Money management superstar Mark Mobius thinks the Federal Reserve will cut the federal funds rate to 1 percent as foreclosures mount, and that the dollar will soon stabilize.
Mobius, who oversees $47 billion in emerging market stocks as executive chairman of Templeton Asset Management, also expects Chinese stocks to resume their ascent. The Shanghai exchange has shed half its value since last year.
He told Bloomberg that continued woes in the housing market and fears in the credit markets will push the Fed to ease further.
"I was looking at 1 percent a few months back, and I still adhere to that,” Mobius says.
"I don’t think the fear is over. I think you’ll see more bad news on foreclosures, so there will be a lot of political pressure to lower rates.”
Since September, the Fed has sliced the fed funds rate by 325 basis points to 2 percent. Many experts took the Fed’s statement accompanying its latest rate cut as an indication that the central bank will stop its rate reductions for now.
Despite his forecast of further easing, Mobius doesn’t expect the dollar to fall much further. It already has lost more than 7 percent against the euro and yen this year.
"The dollar is completely bombed out when you look at its value, particularly against Asian currencies,” he says.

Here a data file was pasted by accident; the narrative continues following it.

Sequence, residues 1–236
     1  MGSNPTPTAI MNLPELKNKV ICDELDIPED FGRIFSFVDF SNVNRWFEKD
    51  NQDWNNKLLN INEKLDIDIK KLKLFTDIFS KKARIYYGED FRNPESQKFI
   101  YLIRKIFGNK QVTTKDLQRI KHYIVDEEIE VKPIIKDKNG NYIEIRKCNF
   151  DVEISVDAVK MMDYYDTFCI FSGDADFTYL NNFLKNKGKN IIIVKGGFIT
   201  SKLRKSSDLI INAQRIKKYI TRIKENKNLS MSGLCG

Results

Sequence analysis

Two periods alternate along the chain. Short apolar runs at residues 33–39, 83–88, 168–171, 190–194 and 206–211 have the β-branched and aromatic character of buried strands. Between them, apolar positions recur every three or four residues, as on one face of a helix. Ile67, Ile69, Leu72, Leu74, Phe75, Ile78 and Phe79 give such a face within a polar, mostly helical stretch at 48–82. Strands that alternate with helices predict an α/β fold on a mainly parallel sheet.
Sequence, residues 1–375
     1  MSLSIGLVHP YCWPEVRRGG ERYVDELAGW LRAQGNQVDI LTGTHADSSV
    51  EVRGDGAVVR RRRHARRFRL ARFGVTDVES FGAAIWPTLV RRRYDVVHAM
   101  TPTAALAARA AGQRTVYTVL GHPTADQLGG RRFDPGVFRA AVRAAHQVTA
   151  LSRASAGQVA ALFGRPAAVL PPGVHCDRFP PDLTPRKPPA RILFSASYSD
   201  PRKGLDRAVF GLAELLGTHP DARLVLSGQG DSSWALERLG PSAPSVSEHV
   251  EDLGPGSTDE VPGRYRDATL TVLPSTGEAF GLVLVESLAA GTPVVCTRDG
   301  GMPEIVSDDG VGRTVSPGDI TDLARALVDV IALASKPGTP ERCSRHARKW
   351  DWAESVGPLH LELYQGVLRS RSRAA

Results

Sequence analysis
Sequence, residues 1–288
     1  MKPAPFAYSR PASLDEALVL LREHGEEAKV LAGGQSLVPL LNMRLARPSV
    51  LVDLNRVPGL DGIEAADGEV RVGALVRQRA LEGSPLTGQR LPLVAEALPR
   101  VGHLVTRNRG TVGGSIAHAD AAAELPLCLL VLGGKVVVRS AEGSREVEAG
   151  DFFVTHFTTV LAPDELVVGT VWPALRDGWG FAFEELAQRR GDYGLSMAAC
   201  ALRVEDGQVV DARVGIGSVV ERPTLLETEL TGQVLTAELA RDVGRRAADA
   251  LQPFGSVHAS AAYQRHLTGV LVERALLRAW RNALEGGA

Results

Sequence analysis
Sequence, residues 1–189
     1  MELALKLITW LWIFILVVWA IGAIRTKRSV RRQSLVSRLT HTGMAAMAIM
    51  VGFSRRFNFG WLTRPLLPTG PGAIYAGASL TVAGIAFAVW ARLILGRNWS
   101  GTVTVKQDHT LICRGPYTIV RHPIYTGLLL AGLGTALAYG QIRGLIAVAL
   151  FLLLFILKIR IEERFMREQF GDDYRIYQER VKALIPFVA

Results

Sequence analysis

"So I think we’re probably at the end of the dollar devaluation.”
Most emerging market currencies, particularly those in Eastern Europe, have overshot fair value against the dollar, Mobius says. But he maintains that the Chinese yuan and Indian rupee remain undervalued against the greenback.
The dollar has dropped more than 9 percent against the yuan over the past year and almost 2 percent against the rupee.
As for China’s willingness to let the yuan appreciate as far as it has, Mobius says, "They realized they had to make a change to satisfy the U.S. and their other trading partners in Europe. It also made sense to control inflation, because they import a lot of goods.”
Economic fundamentals, though, dictate another 5 percent rise for the yuan, he says.
"Then we’ve reached fair value, but often these things overshoot, so we could go a lot further. Still, the government is in control, so it won’t get too far out of hand,” Mobius said.
Mobius argues that China’s stock market is undervalued, but just the "H” shares that are traded in Hong Kong and overseas, not the "A” shares traded on the mainland.
"Some stocks are trading at 30 percent to 40 percent discounts,” he says. "There’s a lot of opportunity there. That’s why after Brazil, China is the biggest country in our funds.”
Mobius recommends commodity and consumer-related stocks.
"Those are the two areas where we are focusing,” he says. "We have to buy China Mobile and oil companies.”
He’s less bullish on financial stocks and industrials. "The financials are under restraints [from the government]. So they won’t be making the kind of money people expect, though they are fine for the long term.”
On the industrial front, Mobius recommends stocks only on a select basis.
"We’ve made money on machinery and machine tool companies, where there’s specialization and pricing power,” he says.
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